Cohoes, New York

Need Help Advancing Local Climate Action? Try Community Project Funding.

How does a small town outside of Albany, New York, turn its municipal reservoir into a floating solar array? With a new source of funding from Congress.

Cohoes, New York, recently did just that, securing $3 million of Community Project Funding (CPF) to construct, own, and operate an innovative 3.2 MW floating solar array — one of the larger floating solar projects in the country.

With the anticipation of historic funding opportunities through the 2021 Infrastructure Investment and Jobs Act, it’s easy to forget about the flexible CPF funding already available to help communities accelerate the transition to clean energy economy. CPF, a reincarnation of “earmark” funding, is discretionary spending available to senators and representatives for local projects and is worth up to one percent of total discretionary spending — approximately $15 billion. It retains the flexibility that made earmarks so popular while improving accountability, disclosure, and transparency requirements.

With Congress now seeking nominations for Fiscal Year 2023 projects, communities should meet with elected officials to make the case for their next big ideas. Many Congressional offices have set early April deadlines for initial project submissions, but this is now a funding opportunity linked to the annual appropriations process for communities to keep in mind going forward. Here are our top suggestions for aligning CPF proposals with local climate action priorities.

Embrace the Broad Eligibility for Community Project Funding

Given its broad eligibility requirements (applicants are primarily required to demonstrate community support), CPF can be tapped to invest in a wide range of innovative projects that bolster a clean energy economy and mitigate climate change:

  • Low-income solar installations? Check.
  • Community resilience hubs? Absolutely.
  • All-electric new construction? Indeed.
  • Transit hub upgrades to accommodate electric buses? You bet.
  • Even floating solar like in Cohoes? Already tried and tested!

For example, take the $211 million secured for communities in Illinois. Senator Tammy Duckworth shared in a recent press release that CPF will advance “important projects that will help clean up our water, improve our state’s infrastructure, expand healthcare access, create jobs and tackle environmental injustice issues facing communities across Illinois.” That broad range encompasses projects including Chicago’s clean energy retrofits program, Evanston’s accessible solar program, and a high school job training program for renewable energy infrastructure.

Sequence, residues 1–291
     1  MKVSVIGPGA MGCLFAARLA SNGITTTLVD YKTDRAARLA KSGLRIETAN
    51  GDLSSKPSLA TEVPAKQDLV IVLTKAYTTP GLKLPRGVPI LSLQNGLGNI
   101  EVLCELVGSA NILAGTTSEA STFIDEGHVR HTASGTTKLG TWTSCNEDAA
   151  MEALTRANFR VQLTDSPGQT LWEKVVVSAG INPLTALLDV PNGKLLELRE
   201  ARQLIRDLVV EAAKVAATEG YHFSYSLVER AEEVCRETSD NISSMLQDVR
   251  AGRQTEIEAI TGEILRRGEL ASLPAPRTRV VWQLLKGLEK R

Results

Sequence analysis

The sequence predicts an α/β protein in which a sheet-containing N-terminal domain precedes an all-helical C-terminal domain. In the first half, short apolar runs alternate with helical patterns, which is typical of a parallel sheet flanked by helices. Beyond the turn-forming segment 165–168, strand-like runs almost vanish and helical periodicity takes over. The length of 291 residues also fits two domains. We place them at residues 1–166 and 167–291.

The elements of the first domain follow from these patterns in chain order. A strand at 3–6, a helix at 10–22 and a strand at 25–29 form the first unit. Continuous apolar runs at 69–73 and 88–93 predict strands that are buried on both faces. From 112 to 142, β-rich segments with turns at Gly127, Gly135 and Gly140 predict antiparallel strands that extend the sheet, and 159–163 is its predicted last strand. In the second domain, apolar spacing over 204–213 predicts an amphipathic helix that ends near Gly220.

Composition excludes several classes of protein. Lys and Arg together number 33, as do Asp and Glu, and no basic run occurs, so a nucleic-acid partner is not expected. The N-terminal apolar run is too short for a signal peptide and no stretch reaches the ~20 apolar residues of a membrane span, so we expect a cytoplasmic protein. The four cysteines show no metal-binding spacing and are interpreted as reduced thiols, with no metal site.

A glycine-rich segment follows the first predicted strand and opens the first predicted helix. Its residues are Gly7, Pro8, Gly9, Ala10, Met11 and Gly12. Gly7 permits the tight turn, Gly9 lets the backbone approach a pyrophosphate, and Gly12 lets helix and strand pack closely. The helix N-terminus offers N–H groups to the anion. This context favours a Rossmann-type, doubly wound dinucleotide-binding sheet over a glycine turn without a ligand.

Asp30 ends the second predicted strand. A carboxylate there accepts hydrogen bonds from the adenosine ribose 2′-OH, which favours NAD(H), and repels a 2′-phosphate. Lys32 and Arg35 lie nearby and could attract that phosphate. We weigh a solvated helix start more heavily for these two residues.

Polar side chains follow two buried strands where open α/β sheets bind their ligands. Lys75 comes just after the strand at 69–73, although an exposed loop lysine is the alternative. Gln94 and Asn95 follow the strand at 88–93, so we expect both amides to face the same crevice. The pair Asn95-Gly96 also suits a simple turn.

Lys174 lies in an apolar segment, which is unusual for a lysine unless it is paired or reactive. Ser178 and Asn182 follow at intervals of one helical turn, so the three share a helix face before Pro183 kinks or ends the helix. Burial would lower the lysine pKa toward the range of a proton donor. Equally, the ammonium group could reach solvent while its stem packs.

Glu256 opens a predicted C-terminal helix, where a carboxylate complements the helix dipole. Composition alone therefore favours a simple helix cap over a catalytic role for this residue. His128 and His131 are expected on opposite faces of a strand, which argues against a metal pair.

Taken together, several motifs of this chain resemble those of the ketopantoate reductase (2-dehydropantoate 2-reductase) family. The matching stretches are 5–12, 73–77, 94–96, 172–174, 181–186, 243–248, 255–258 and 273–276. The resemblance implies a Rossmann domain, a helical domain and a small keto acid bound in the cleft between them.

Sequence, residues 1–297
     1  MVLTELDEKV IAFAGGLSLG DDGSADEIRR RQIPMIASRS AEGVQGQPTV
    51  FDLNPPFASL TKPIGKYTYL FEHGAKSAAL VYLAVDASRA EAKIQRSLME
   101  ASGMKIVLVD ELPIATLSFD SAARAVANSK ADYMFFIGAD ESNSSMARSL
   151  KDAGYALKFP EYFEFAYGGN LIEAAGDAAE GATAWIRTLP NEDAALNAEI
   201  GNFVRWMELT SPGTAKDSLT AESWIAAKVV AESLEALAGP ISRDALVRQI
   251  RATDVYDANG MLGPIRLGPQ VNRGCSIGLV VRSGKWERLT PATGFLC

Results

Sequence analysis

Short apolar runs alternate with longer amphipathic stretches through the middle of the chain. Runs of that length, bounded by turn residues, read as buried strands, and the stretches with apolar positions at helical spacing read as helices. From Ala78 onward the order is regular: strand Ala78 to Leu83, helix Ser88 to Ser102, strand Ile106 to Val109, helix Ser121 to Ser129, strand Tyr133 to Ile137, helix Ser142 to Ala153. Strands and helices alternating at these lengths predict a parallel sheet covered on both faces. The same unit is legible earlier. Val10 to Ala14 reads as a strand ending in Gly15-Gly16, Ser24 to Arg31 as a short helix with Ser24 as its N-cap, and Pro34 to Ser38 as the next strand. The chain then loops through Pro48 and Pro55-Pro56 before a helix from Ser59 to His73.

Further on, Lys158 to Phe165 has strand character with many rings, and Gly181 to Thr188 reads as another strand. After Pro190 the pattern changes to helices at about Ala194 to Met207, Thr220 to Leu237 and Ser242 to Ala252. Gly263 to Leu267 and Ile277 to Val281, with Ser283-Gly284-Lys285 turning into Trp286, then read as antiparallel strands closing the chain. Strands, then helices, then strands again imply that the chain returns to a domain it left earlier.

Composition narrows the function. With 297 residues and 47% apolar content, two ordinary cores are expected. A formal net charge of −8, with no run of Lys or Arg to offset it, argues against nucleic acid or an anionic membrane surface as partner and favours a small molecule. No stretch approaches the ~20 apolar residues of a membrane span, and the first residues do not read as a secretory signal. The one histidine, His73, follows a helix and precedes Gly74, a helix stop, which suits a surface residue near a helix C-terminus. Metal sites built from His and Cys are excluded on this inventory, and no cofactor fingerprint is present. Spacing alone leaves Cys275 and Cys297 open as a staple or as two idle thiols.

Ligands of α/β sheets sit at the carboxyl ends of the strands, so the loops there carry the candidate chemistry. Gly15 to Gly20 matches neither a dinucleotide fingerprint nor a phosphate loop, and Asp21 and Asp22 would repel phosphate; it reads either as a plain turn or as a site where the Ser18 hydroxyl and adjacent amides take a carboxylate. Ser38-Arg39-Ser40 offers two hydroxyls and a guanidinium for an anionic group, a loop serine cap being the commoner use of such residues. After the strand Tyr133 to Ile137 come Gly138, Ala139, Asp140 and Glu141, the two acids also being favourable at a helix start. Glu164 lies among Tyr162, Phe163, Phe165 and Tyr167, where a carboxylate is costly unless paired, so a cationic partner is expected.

Advance Unique Local Needs   

Community Project Funding offers an alternate path to make federal funding requests — one that is championed by each member of Congress based on what their constituents need. This gives communities large and small the ability to focus on local needs — and opportunities — as opposed to having to “check the box” by tailoring projects to be able to conform to federal agency priorities. This can feel like fitting a square peg into a round hole. Accordingly, savvy local leaders are demonstrating what’s possible for advancing innovative, sustainable projects through CPF requests.

For instance, the Cohoes’ floating solar project will generate enough clean electricity to power all municipal facilities for the town of 17,000, save an estimated $500,000 in annual electricity costs, and advance more sustainable land use practices (by avoiding developing solar on land altogether). Without Congress’ critical upfront funding, the Cohoes’ project would never have seen the light of day.

As a small city, Cohoes lacks the budget to regularly provide matching funds for competitive grants, and the project did not clearly fit within other grant requirements. Ultimately, Cohoes’ floating solar project highlights how even small, capacity-constrained communities can leverage CPF to advance sustainable community revitalization and accelerate the transition to a clean energy economy.

“The $3 million in Community Project funding, championed by Congressman Paul Tonko and Senate Majority Leader Chuck Schumer, is the foundational support we needed to make this floating solar model work. It provides both financial resources and affirmation for our project. We are confident that, with this core funding, we will be able to secure the remaining resources needed.”